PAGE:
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51-1 Arquitectos

Lima, Lima, Peru

August 2022


Manuel de Rivero Ruiz, Cesar Becerra Bragagnini, Fernando Puente Arnao Malpartida (Architects)





Cristobal Palma


The extensive programme requirements for the plot generates that the convent develops vertically: A two-level public plinth contains a chapel in the corner, many educational workshops (dress making, bakery& pastry, hairdressing, informatics, graphic & audiovisual design, management), offices and an auditorium. Its public and open character is stressed by a solid pink concrete volume with large arch-shaped openings that reveal the diverse public programmes offered to the community.
Above is a private intermediate level for refectories and meeting rooms as well as the courtyard and public areas for the nun community.
The upper three levels host the women shelter cells facing the street and the Sister’s residences towards their private courtyard. This volume is closed by an austere brick lattice that allows light but protect women inside. The building is topped by terraces with laundries, an orchard and recreation areas for its occupants. Due to the caritative nature of the institution every effort has been made to minimize service and maintenance costs and consider the most durable materials available.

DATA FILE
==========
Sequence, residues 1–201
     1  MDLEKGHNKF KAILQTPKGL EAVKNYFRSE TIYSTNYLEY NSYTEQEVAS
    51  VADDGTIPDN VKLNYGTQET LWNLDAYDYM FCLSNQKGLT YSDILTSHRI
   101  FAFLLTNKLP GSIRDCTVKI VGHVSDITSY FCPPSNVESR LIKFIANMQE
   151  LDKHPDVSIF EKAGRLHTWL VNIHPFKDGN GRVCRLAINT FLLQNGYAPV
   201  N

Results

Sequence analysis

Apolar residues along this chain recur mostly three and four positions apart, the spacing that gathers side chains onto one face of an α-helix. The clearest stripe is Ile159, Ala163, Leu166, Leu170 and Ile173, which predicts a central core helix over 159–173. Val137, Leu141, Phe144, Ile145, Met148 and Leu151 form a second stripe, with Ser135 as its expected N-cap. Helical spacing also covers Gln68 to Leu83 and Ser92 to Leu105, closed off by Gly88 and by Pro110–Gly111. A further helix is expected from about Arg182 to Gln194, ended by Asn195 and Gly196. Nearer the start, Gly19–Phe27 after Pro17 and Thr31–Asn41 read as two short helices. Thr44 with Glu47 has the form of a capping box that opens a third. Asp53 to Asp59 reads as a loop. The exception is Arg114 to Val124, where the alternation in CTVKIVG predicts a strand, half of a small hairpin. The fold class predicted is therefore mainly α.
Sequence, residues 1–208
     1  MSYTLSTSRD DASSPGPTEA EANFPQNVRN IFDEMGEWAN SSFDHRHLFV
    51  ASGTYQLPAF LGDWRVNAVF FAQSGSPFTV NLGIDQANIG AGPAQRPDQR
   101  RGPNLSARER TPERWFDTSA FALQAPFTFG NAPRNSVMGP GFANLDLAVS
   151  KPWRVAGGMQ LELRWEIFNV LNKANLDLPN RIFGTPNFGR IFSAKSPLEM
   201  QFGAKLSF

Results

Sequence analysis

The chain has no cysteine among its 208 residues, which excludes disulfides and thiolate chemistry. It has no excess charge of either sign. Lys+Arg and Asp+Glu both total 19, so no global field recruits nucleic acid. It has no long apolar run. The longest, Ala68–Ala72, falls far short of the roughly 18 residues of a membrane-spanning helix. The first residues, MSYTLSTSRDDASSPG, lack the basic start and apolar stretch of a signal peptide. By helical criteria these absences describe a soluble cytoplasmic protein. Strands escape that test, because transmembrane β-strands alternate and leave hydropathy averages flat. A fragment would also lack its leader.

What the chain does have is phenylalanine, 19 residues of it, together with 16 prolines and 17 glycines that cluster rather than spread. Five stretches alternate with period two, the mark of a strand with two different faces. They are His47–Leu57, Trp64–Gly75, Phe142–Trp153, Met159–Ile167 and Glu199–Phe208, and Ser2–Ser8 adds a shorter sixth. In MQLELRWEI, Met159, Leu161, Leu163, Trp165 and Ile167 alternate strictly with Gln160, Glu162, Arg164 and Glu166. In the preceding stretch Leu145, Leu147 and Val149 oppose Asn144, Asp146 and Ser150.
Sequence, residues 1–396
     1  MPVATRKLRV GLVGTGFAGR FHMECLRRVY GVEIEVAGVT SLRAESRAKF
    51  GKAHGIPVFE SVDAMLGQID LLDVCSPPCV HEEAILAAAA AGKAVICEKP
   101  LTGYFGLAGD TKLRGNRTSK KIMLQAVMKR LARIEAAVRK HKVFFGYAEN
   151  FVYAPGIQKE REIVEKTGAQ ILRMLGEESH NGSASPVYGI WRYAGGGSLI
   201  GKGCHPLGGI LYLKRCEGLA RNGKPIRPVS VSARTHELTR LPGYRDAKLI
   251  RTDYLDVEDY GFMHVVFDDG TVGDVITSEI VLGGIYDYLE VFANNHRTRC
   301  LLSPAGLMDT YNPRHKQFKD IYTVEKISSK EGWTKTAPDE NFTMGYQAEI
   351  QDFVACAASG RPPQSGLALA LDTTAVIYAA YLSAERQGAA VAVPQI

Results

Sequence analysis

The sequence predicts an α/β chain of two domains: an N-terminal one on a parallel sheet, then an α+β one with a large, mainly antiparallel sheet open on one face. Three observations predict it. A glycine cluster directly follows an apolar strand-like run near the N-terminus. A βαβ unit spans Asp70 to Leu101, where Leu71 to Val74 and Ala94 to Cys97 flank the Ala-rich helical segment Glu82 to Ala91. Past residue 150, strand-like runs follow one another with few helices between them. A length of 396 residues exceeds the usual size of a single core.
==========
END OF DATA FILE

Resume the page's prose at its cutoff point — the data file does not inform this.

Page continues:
The Sisters of Mary Immaculate Congregation -established in Madrid by Saint Vicenta María López Vicuña in 1876- needed new residences for their religious community, but also for their intense work sheltering young vulnerable women and facilities for their Technical-Productive Education Center seeking the insertion of young and old people into the labor market. They had a corner plot in a neighborhood under a rapid process of densification, where 2 story houses are replaced by 20 story residential towers that reshape the streets with a continuous frontage of unwelcoming garage doors. Creating a building with an open street level, could be a good opportunity for the Sisters of Mary Immaculate to show their generous spirit and leadership as an alternative development of creating public spaces in private land.


During the Spanish colony, female convents were considered a sign of the city’s opulence and proof of the quality of its neighbors. Lima hosted up to thirteen cloistered convents occupying around a fifth of its surface. Convents were cities within cities allowing nuns to live a mixed life between contemplation and active apostolate (charity and teaching). Such a traditional and conservative old typology is reformulated into current conditions of reduced land and private hegemony, turning it into an open public facility for its community. Since its opening, the result has been phenomenal in the way this building has proven how certain institutions -that were heading into obsolescence- reconfigured in a contemporary way can recover new roles for societies in desperate need of access to education and generosity.

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